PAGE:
First neutrino image of an active galaxy

First neutrino image of an active galaxy
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prof.  Dr.  Elisa Resconi

image: Prof. Dr. Elisa Resconi
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Credit: Andreas Heddergott / TUM

For more than a decade, the IceCube Observatory in Antarctica has been tracking light traces of extragalactic neutrinos. While evaluating the observatory’s data, an international research team led by the Technical University of Munich (TUM) discovered a high-energy neutrino radiation source, also known as Messier 77, in the active galaxy NGC 1068.

The universe is full of mysteries. One of these mysteries concerns active galaxies with massive black holes at their centers. “Today we still don’t know exactly what processes are taking place there,” says Elisa Resconi, Professor of Experimental Physics with Cosmic Particles at TUM. Now his team has taken a big step towards solving this puzzle: Astrophysicists have discovered a high-energy neutrino source in spiral galaxy NGC 1068.

It is very difficult to probe the active centers of galaxies using telescopes that detect visible light or gamma or X-ray radiation from space, because clouds of cosmic dust and hot plasma absorb radiation. Only neutrinos can escape the hell at the edges of black holes; these neutrinos have no electric charge and almost no mass. They penetrate space without being deflected or absorbed by electromagnetic fields. This makes them very difficult to detect.

The biggest hurdle in neutrino astronomy has so far been the separation of the very weak signal from the strong background noise created by particle impacts from the earth’s atmosphere. Measurements were made over many years using the IceCube Neutrino Observatory and new statistical methods to enable Resconi and his team to accumulate enough neutrino events for their discovery.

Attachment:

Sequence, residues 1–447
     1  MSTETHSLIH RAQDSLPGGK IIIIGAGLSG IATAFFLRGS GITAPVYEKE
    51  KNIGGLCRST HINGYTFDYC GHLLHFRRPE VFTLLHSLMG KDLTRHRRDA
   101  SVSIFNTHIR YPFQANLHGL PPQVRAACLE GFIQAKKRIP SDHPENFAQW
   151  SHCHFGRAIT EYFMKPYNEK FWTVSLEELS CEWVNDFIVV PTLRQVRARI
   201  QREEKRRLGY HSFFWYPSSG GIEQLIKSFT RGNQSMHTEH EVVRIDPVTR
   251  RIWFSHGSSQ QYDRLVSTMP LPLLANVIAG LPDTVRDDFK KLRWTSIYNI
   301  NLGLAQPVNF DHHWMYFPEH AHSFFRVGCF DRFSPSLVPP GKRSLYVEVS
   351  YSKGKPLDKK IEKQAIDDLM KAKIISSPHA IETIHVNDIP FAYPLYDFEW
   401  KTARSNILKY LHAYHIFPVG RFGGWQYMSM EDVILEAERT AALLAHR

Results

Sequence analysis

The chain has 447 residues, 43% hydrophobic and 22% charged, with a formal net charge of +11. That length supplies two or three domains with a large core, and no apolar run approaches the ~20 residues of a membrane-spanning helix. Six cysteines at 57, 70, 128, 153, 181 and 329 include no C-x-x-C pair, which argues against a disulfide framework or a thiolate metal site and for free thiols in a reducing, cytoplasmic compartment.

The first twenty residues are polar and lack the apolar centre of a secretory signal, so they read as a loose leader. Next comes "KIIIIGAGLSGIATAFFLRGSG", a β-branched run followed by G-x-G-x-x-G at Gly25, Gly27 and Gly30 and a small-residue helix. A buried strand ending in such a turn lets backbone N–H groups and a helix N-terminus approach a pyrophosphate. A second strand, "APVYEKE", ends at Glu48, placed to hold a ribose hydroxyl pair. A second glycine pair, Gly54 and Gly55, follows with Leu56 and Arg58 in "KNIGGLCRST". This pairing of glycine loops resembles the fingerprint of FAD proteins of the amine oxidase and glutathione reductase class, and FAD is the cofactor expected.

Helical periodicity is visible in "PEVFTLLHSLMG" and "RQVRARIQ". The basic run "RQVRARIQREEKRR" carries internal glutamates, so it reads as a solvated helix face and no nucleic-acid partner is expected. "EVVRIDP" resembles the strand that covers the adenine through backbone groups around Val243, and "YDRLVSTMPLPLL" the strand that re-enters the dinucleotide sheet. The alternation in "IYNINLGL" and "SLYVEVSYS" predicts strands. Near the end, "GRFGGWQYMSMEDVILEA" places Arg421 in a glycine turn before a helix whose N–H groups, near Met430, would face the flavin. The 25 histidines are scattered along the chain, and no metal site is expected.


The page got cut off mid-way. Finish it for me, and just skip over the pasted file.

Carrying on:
Detective work on endless ice

Located in Antarctica’s ice, the IceCube telescope has been detecting light trails from event neutrinos since 2011. TUM scientist Dr. Theo Glauch. “The statistical evaluation shows a very significant cluster of neutrino influences coming from the direction of active galaxy NGC 1068. This means that we can assume with near certainty that high-energy neutrino radiation is coming from this galaxy.”

The spiral galaxy, 47 million light-years away, was discovered in the early 18th century. Also known as Messier 77, NGC 1068 is similar in shape and size to our galaxy, but has an extremely bright center that is brighter than the entire Milky Way, although its center is only about the size of our solar system. This center contains an “active core”: a huge black whole with a mass of about a hundred million times our sun, absorbing large amounts of material.

But how and where are neutrinos produced there? “We have a clear script,” Resconi says. “We think that the high-energy neutrinos are the result of the extreme acceleration of matter around the black hole, pushing it to very high energies. We know from particle accelerator experiments that high-energy protons produce neutrinos when they collide. In other words: we found a cosmic accelerator.”

Neutrino observatories for new astronomy

NGC 1068 is the most statistically significant source of high-energy neutrinos yet discovered. Resconi, who recently launched an international initiative to build a neutrino telescope several cubic kilometers in size in the Pacific Ocean, in the northeastern Pacific, says more data will be needed to be able to localize and investigate weaker and more distant neutrino sources. Neutrino Experiment, P-ONE. Together with the planned second-generation IceCube observatory – IceCube Gen2 – it will provide data for future neutrino astronomy.

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